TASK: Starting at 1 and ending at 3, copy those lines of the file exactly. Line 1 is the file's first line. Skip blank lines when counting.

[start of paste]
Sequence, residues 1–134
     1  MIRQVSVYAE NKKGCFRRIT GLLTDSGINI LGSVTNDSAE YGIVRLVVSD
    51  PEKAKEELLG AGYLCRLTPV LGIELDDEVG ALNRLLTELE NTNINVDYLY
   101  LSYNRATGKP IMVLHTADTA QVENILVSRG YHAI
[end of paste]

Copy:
Sequence, residues 1–134
     1  MIRQVSVYAE NKKGCFRRIT GLLTDSGINI LGSVTNDSAE YGIVRLVVSD
    51  PEKAKEELLG AGYLCRLTPV LGIELDDEVG ALNRLLTELE NTNINVDYLY